I keep thinking about going the D800 route. My reasoning is this, of course they are Nikon pro body quality and I like a heavy body with a grip.
The D800/800E (either model) are really two cameras. In DX mode they are still a stonking 16+mp and while Nikon seem to keep introducing higher resolution chips with entry level now at 24mp whilst the D4 is 16.7mp at least at 36mp you know you will frankly never need any more with 24" prints straight out of camera at around 300ppi.
It was an odd model really, whilst all the other models seemed unsure of what resolution they should be, all of a sudden Nikon hit us with this odd ball. They even managed to keep noise down at high iso despite this resolution.
As for the "E" version without AA filter this is really up to you, a fraction more detail which may be of value in landscape or architectural but it is difficult to know how one could want for more..higher burst rate?..better video?.. neither of which are frankly of any interest to me anyway.
My D800 is great. Very full of functions, it is the first time I have had to read an instruction manual for a while! I plan on getting a D800E in June. This purely for the added detail but then I intend to use it in the studio for specific commercial work.
A much overlooked advantage of the 36Mpix. is that effectively it gives you extra zoom. i.e. you can crop down quite small before you lose printable detail.
What you WILL HAVE TO DO is buy fast cards for it. The cheap and cheerful stuff I used in my D2x and others just can't cope. So budget for several very high speed cards. As it takes both C/F and SDHC and you can set it to write to both cards as back-up, you might feel you need rather a lot of cards.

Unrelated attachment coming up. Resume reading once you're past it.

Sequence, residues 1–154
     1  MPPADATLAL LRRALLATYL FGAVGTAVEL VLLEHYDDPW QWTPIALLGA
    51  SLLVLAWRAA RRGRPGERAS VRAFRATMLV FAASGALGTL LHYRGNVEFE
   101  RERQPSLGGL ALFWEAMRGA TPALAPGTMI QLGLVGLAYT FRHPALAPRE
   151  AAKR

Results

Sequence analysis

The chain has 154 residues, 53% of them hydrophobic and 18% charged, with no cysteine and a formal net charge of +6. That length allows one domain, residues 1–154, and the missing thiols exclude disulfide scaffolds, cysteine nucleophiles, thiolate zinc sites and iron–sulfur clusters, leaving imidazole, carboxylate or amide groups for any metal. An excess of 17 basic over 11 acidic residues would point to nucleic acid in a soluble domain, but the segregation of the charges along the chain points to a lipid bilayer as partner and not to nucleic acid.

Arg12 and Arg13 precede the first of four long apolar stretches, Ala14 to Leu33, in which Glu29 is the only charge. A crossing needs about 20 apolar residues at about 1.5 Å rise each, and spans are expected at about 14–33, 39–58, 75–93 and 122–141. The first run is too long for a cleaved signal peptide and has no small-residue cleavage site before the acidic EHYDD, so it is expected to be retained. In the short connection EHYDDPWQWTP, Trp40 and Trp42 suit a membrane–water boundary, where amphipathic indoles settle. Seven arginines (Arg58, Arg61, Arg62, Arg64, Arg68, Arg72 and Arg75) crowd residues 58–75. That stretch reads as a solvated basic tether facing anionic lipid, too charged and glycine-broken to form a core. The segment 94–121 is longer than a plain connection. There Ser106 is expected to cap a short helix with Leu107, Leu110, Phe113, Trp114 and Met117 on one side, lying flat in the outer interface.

My computer is coping but come June, that is being replaced as well. So not just down to the cost of the machine. The MB-D12 grip is very nice, if you have huge hands, like me BUT it is very expensive at £295.
Also bear in mind that Nikon's flag-ship machine, the D4 costs roughly the same as two D800's.
I am guessing the E model will produce marginally finer detail. Sure those that own it will post here. reviews indicate that there is a difference but one which on all but the largest print/image sizes can be mostly compensated for with cautious sharpening.
Obviously the chance of moire is higher without an AA filter but again in use apparently hardly ever noticeable but this will depend on your product photography subjects..if it involves patterns/fabrics the E may not be your best choice!
I've had one for 18 months now....and they are as good as the mags say...but they are also a tricky camera to use. The matrix metering is different from the D700, its unforgiving if you get things wrong because there's more detail to show up mistakes, you need good lenses as cheap lenses just don't cut it. The increased size in files means you need a higher spec of PC than normal...especially on tethering. The 4fps is slow, normally not a problem but when you do bracketing/HDR at 5 frames then be aware of the lag. To get 36mp pin sharp then camera shake is more crucial and worth doubling up minimum shutter speed. All in all though...bloody good but be aware.
I think he means functionality - e.g. which options to choose for the dual memory slots.
Anyone who has previously used D300 or D700 probably wouldn't need to read the manual as the D800 is similar enough to previous models.
I went through this when buying my D800 Simple answer is YES its a brilliant camera. I tried it beside the D600 but the poor focus on the D600 in comparison to the D800 made it a no brainer. Awesome file sizes and with them being so large cropping into images is no problem. You will need plenty of fast cards,minimum class 10. regards...